Knowledge is power. False knowledge exposes everyone to risk. This is especially true when evaluating your workplace for the risk of workplace violence. Misconceptions about workplace violence all-too-often lead to poor policies and decisions that can leave workplaces more exposed to dangers. Here are six common myths to consider regarding your workplace.
“It can’t happen here.”
This myth is hazardous because it can create a false sense of security and cause management to ignore important warning signs. In truth, violence can happen in any workplace. Management must have a realistic awareness of risks and the tools to assess and manage them. Rational awareness, not paranoia, is the key to cultivating safer workplaces.
“Workplace violence is about murder.”
It’s easy to take the impression from sensational media coverage of mass shootings in workplaces that workplace violence always means people are being shot and dying. In fact, not so. The FBI issued a study in 2002 called “Workplace Violence: Issues in Response.” In it they report: “Homicide and other physical assaults are on a continuum that also includes domestic violence, stalking, threats, harassment, bullying, emotional abuse, intimidation, and other forms of conduct that create anxiety, fear, and a climate of distrust in the workplace. All are part of the workplace violence problem.”3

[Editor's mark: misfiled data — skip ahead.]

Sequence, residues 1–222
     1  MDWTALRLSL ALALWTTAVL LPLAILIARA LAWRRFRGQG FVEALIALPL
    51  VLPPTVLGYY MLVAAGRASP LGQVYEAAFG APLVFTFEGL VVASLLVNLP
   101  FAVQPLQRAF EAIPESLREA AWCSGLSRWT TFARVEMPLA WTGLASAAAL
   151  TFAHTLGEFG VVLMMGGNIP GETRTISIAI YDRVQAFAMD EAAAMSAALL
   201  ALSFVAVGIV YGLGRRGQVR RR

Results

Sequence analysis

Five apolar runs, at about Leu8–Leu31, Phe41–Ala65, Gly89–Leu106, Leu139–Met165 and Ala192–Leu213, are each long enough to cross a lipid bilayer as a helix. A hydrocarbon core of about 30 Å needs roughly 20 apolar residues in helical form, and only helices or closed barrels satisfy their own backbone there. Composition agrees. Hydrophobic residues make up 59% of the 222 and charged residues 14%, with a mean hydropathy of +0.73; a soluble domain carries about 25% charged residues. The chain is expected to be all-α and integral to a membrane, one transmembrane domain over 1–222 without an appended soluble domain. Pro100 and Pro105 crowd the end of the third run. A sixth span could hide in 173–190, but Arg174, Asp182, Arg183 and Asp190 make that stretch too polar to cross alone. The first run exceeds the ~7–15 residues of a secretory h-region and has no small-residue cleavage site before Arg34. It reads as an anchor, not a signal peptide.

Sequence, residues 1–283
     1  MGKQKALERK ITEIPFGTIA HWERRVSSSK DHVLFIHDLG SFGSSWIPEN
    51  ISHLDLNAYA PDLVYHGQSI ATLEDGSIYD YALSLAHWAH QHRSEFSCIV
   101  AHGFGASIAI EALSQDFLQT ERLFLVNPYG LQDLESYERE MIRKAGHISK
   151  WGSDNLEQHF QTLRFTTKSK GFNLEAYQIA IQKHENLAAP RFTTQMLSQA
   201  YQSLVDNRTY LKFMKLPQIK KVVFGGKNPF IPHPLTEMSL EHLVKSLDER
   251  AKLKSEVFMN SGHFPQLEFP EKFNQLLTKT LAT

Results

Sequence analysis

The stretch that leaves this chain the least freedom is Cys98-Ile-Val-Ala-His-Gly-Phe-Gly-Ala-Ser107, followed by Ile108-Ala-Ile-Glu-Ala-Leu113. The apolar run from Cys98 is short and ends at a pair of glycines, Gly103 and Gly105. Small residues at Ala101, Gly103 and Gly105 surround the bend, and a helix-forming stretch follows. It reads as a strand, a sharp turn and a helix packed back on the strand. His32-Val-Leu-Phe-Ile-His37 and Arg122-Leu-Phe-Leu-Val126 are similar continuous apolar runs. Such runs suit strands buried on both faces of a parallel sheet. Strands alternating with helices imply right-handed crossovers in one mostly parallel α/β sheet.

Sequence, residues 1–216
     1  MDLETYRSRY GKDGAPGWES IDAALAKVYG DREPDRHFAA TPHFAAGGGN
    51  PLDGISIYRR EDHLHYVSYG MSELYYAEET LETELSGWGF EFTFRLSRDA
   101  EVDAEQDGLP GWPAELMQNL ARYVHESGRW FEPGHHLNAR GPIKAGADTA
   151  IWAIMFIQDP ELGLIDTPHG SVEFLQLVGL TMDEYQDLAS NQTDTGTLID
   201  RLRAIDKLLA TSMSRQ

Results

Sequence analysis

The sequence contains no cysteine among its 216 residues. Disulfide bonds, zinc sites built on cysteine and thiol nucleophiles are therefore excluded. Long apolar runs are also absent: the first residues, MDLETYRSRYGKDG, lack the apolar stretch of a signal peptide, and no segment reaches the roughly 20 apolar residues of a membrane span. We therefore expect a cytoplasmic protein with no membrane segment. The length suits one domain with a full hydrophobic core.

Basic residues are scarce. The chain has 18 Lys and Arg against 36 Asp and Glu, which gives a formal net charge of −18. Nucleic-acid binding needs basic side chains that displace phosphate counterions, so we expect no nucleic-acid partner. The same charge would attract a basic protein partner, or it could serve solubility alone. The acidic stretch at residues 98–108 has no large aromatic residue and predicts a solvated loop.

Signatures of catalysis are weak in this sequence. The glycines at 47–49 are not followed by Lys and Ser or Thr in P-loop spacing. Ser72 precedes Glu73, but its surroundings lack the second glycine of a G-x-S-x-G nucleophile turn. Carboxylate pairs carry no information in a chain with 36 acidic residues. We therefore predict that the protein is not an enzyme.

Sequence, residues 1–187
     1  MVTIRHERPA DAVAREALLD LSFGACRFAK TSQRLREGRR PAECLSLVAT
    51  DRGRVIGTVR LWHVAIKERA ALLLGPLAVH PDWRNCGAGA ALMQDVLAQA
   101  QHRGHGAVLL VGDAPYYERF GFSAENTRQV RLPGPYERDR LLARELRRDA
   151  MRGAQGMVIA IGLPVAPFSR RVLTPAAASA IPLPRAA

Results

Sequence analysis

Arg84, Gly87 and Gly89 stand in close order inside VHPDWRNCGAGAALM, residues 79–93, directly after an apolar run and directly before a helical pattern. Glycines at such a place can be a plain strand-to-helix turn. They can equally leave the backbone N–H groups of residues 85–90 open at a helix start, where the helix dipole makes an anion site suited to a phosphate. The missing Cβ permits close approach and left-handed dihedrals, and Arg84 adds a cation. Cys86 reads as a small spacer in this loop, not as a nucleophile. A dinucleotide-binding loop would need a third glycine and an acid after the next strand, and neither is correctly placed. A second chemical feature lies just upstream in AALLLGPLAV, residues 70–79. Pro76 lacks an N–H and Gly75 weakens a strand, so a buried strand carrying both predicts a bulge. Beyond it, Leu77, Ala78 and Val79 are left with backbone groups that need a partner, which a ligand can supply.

“Potentially violent people can be ‘profiled’ and screened out.”
Wrong. Those who commit violence in the workplace can be of any demographic background. When we turn to generalizations, profiling and stereotyping to screen out potential perpetrators instead of watching for behaviors, we put the workplace in much more danger of experiencing violence.
“Violent perpetrators just ‘snap’ with no warning or clues.”
This simply isn’t true. It’s very rare for violent incidents to happen without any kind of recognizable warning behaviors. They could be odd behaviors, obsessions, ominous statements, threats, escalation of conflict with other workers and other warning signs.
“Only ‘crazy’ people commit workplace violence.”
Not so. Only about 5% of profoundly mentally disturbed people are actually violent. And of that population, the majority are incarcerated or hospitalized. Most workplace violence is not committed by those who would be considered “insane.”
“Security guards and metal detectors will keep us safe.”
A dangerous myth. Almost anything can be used as a weapon by someone intent on causing another person injury. The ability to commit workplace violence is not contingent upon smuggling a firearm past security. It has also been demonstrated that the presence of such measures only force the perpetrator to be more creative in order to defeat them.
Here’s what you can do:
• Start by educating yourself. Do some reading. Talk to an expert. Have you subscribed to any of the myths mentioned in this article? Becoming aware of that is a great start.
• Pay attention to your people. Watch for changes in behavior, and learn which behaviors should command your attention.
• Revisit your policies. Are there any tweaks that could make your workplace safer? Get some good advice, if necessary.
The risk of workplace violence can be dramatically reduced with good information, good policies and increased awareness.
Gary Sheely is a Tactical Confrontation Specialist focusing on workplace violence issues. He has published three books, including his latest one, “Safe at Work: How Smart Supervisors Reduce the Risk of Workplace Violence.” He conducts training workshops and has been a keynote speaker across the United States. He can be reached at firstname.lastname@example.org.